We develop a production-network model to capture how decentralized finance (DeFi) has evolved across different sectors of financial services. The model allows us to measure the value added by different DeFi sectors and to study how the connections across the sectors influence token prices.
Staff working papers
We analyze the value proposition and limitations of decentralized finance (DeFi). Based on a distributed ledger and smart contracts, DeFi can guarantee the execution of financial contracts, potentially lowering the costs of intermediation and improving financial inclusion.
Why do BigTech platforms introduce payment services? We explore this using a model in which a monopoly platform faces a trade-off between the costs associated with privacy concerns and the revenue from data services. We then analyze the feedback effects between data and payments.
We explore what drives transaction fees in the Bitcoin system and consider whether Bitcoin can remain tamper proof in the long run.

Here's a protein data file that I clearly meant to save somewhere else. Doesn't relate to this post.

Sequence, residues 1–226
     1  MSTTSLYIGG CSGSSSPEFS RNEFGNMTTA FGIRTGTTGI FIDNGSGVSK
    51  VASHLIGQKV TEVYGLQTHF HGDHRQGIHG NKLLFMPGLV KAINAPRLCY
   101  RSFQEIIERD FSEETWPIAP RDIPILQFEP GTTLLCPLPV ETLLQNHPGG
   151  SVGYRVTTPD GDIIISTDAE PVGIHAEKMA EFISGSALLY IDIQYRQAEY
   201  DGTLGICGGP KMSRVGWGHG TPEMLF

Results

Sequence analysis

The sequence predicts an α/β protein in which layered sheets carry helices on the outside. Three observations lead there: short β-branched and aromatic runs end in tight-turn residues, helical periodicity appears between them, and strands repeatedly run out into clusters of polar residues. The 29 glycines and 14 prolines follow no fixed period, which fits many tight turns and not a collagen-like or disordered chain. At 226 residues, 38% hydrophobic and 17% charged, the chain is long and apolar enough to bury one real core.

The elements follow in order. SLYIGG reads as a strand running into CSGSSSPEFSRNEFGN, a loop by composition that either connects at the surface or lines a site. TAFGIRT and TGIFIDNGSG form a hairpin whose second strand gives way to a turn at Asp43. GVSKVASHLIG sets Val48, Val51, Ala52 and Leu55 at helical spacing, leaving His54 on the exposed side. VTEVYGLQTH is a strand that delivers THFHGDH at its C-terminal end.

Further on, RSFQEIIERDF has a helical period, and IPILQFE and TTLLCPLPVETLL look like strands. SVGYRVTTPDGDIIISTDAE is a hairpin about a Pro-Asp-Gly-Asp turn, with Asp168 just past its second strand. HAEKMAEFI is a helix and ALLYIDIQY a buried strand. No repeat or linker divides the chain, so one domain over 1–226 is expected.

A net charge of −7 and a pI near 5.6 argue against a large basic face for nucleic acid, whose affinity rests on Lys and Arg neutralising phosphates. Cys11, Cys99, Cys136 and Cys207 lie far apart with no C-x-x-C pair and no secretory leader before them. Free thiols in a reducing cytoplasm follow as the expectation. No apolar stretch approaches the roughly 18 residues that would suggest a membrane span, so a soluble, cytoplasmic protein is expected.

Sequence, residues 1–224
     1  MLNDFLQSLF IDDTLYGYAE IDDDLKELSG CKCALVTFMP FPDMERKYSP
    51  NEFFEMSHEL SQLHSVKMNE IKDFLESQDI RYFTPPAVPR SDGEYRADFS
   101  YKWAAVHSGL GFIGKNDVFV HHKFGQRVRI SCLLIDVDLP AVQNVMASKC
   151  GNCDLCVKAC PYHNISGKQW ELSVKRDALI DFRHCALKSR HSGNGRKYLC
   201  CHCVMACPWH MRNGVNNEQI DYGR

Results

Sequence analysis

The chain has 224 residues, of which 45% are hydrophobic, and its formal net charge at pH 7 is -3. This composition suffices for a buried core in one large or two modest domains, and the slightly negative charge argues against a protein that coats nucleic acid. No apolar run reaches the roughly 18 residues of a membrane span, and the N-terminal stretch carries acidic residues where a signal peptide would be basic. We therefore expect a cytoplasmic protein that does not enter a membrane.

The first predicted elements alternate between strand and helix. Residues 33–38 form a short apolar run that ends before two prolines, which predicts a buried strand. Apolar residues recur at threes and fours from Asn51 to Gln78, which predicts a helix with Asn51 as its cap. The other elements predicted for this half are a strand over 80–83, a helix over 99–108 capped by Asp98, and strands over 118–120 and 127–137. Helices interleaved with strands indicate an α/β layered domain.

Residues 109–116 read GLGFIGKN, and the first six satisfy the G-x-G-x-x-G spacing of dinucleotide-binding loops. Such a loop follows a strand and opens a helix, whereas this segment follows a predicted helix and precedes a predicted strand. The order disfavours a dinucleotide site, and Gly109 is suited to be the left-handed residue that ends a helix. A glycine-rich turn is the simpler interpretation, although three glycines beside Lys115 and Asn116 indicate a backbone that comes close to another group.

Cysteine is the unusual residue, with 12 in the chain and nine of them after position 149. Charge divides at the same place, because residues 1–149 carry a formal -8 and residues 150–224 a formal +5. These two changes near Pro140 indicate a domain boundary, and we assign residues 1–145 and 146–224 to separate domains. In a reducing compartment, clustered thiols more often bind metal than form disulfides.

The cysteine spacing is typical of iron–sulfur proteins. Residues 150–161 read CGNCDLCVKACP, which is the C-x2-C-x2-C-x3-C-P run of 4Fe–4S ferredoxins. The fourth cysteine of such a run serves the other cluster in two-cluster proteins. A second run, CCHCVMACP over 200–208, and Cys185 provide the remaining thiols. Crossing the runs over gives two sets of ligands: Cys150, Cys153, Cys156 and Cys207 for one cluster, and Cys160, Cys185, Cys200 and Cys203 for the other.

Since the creation of Bitcoin in 2009, over 2,000 cryptocurrencies have been issued. We evaluate how well a cryptocurrency functions as a payment system.
Can securities be settled on a blockchain and, if so, what are the gains relative to existing settlement systems? We consider a blockchain that ensures delivery versus payment by linking transfers of assets with payments and operates using a proof-of-work protocol. The main benefit of a blockchain is faster and more flexible settlement, whereas the challenge is to avoid settlement fails when participants fork the chain to get rid of trading losses.
A blockchain is a digital ledger that keeps track of a record of ownership without the need for a designated party to update and enforce changes to the record. The updating of the ledger is done directly by the users of the blockchain and is traditionally governed by a proof-of-work (PoW) protocol.
We study the trading dynamics in an asset market where the quality of assets is private information of the owner and finding a counterparty takes time. When trading of a financial asset ceases in equilibrium as a response to an adverse shock to asset quality, a large player can resurrect the market by buying up lemons which involves assuming financial losses.